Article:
The 1980s saw the rise of more general-purpose wearable computers. In 1981 Steve Mann designed and built a backpack-mounted 6502-based computer to control flash-bulbs, cameras and other photographic systems. The display was a camera viewfinder CRT attached to a helmet, giving 40-column text. Input was from seven microswitches built into the handle of a flash-lamp, and the entire system (including flash-lamps) was powered by lead-acid batteries. Mann went on to be an early and active researcher in the wearables field, especially known for his 1994 creation of the Wearable Wireless Webcam (Mann 1997). Though perhaps not technically "wearable," in 1986 Steve Roberts built Winnebiko-II, a recumbent bicycle with on-board computer and chording keyboard Winnebiko II was the first of Steve Roberts' forays into nomadic computing that allowed him to type while riding (Microship).

In 1989 Reflection Technology marketed the Private Eye head-mounted display, which scanned a vertical array of LEDs across the visual field using a vibrating mirror. The display (designated the "P4") was a 720 x 280 pixel monochrome (red) monitor in a 3.5" X 1.5" X 1.25" package. Screen size was 1.25" on the diagonal, but the image appeared to be a 15" display at 18" away. This display gave rise to several hobbyist and research wearables, including Gerald "Chip" Maguire's IBM / Columbia University Student Electronic Notebook (Bade 1990), Doug Platt's Hip-PC and Carnegie Mellon University's VuMan 1 (wearablegroup.org) in 1991. The Student Electronic Notebook consisted of the Private Eye, Toshiba diskless AIX notebook computers (prototypes) and a stylus based input system plus virtual keyboard, and used direct sequence spread spectrum radio links to provide all the usual TCP/IP based services, including NFS mounted file systems and X windows, all running in the Andrew Project environment. The Hip-PC included an Agenda palmtop used as a chording keyboard attached to the belt and a 1.44 megabyte floppy drive. Later versions incorporated additional equipment from Park Engineering. The system debuted at "The Lap and Palmtop Expo" on April 16th, 1991. VuMan 1 was developed as part of a Summer-term course at |Carnegie Mellon's Engineering Design Research Center, and was intended for viewing house blueprints. Input was through a three-button unit worn on the belt, and output was through Reflection Tech's Private Eye. The CPU was an 8 MHz 80188 processor with 0.5 MB ROM. The project later turned into a full research project in wearable computing that remains strong today.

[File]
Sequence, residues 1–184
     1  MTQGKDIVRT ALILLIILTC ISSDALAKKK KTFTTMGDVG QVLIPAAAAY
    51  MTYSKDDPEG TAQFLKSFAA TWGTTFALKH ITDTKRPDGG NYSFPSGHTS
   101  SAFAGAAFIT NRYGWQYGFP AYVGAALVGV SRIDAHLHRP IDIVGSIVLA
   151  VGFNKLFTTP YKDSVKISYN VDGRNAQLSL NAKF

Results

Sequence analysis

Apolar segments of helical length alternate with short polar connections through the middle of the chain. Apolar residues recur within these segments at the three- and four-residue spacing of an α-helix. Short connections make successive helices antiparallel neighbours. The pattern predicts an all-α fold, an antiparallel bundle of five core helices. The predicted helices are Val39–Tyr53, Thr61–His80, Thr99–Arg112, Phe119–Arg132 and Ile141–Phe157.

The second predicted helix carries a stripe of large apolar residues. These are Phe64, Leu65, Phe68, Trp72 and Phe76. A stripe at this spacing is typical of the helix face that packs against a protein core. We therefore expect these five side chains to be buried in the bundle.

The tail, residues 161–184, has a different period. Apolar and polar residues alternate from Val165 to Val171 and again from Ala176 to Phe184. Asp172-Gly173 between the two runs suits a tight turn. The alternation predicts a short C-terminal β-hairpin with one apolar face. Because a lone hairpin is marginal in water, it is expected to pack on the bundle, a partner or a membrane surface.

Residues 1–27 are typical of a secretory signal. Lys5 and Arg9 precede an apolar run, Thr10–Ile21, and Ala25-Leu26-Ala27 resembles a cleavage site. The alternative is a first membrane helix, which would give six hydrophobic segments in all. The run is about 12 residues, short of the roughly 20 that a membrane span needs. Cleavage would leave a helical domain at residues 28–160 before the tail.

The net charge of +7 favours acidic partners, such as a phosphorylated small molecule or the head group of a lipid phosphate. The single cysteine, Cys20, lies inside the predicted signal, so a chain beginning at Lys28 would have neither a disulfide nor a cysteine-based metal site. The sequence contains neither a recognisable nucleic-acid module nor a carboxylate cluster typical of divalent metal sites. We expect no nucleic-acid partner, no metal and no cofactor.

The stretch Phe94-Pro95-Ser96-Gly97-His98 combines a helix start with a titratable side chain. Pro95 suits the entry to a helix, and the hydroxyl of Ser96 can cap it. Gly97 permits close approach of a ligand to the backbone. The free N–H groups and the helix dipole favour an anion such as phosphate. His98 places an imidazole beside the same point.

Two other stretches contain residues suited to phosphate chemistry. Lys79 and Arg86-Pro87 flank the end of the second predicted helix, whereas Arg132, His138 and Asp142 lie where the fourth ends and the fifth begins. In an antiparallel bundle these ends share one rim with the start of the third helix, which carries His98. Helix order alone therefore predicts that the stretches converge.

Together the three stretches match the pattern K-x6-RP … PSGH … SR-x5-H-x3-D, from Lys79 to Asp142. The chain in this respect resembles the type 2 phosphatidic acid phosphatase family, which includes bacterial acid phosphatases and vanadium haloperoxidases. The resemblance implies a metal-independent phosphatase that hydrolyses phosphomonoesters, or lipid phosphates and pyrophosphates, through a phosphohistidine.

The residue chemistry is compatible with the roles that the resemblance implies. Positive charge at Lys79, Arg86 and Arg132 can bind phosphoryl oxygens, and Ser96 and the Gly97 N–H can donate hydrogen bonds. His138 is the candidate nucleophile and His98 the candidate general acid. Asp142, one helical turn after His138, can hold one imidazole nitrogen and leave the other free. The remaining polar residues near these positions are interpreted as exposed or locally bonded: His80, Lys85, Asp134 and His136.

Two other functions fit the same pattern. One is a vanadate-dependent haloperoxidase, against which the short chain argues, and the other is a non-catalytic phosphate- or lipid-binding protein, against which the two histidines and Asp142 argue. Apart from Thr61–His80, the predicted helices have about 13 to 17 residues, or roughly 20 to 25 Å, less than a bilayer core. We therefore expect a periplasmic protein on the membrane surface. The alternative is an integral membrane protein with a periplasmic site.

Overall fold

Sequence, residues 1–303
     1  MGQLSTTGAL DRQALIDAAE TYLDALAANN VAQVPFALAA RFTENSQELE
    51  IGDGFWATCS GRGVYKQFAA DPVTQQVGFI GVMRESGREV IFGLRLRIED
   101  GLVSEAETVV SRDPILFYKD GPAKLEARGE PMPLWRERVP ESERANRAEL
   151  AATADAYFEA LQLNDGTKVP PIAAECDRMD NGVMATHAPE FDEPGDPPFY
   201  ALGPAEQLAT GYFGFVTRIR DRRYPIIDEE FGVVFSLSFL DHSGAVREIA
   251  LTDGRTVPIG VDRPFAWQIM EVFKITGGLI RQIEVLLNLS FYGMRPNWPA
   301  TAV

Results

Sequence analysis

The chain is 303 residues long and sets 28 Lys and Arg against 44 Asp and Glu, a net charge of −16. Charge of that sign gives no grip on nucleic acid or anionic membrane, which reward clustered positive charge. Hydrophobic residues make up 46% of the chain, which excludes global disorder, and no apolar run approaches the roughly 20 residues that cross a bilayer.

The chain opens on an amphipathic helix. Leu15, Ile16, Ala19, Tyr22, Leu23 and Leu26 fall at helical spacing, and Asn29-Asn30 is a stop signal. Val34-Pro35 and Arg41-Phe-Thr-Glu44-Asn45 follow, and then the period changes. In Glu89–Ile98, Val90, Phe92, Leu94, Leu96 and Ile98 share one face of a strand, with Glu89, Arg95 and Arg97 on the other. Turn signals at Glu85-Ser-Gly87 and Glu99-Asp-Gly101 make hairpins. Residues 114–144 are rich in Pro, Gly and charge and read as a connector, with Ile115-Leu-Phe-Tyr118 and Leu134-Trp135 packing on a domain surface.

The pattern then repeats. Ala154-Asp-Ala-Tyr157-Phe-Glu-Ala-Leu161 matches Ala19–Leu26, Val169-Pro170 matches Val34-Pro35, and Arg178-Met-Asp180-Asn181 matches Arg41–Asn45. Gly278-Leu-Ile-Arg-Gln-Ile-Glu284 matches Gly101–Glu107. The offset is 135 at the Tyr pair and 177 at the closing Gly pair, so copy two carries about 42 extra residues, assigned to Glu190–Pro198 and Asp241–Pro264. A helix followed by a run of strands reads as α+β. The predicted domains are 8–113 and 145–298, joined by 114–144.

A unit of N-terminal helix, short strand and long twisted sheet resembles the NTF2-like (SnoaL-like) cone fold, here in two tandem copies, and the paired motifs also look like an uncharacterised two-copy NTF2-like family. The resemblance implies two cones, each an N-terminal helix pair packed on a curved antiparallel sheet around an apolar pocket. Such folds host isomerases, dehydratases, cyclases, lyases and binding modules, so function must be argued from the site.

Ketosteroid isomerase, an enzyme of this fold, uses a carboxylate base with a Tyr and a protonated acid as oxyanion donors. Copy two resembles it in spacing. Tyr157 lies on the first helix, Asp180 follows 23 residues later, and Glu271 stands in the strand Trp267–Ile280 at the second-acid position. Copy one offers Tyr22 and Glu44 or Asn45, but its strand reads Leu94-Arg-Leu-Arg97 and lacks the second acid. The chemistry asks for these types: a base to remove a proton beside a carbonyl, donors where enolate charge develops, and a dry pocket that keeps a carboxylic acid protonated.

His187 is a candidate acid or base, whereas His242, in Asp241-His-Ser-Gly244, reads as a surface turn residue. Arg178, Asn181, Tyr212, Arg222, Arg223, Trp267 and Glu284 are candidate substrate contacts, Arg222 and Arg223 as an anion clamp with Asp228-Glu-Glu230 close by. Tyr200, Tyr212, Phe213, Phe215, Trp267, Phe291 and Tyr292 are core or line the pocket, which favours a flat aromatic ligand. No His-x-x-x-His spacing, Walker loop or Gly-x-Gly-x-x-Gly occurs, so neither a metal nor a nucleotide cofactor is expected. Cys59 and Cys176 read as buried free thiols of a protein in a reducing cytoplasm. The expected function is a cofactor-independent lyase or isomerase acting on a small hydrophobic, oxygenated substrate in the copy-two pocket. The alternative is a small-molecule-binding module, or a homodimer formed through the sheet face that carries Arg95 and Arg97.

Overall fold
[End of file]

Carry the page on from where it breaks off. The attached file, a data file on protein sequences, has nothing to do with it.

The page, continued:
In 1993 the Private Eye was used in Thad Starner's wearable, based on Doug Platt's system and built from a kit from Park Enterprises, a Private Eye display, and the Twiddler chording keyboard made by Handykey. Many iterations later this system became the MIT "Tin Lizzy" wearable computer design, and Starner went on to become one of the founders of MIT's wearable computing project. 1993 also saw Columbia University's augmented-reality system known as KARMA: Knowledge-based Augmented Reality for Maintenance Assistance. Users would wear a Private Eye display over one eye, giving an overlay effect when the real world was viewed with both eyes open. KARMA would overlay wireframe schematics and maintenance instructions on top of whatever was being repaired. For example, graphical wireframes on top of a laser printer would explain how to change the paper tray. The system used sensors attached to objects in the physical world to determine their locations, and the entire system ran tethered from a desktop computer (Feiner 1993).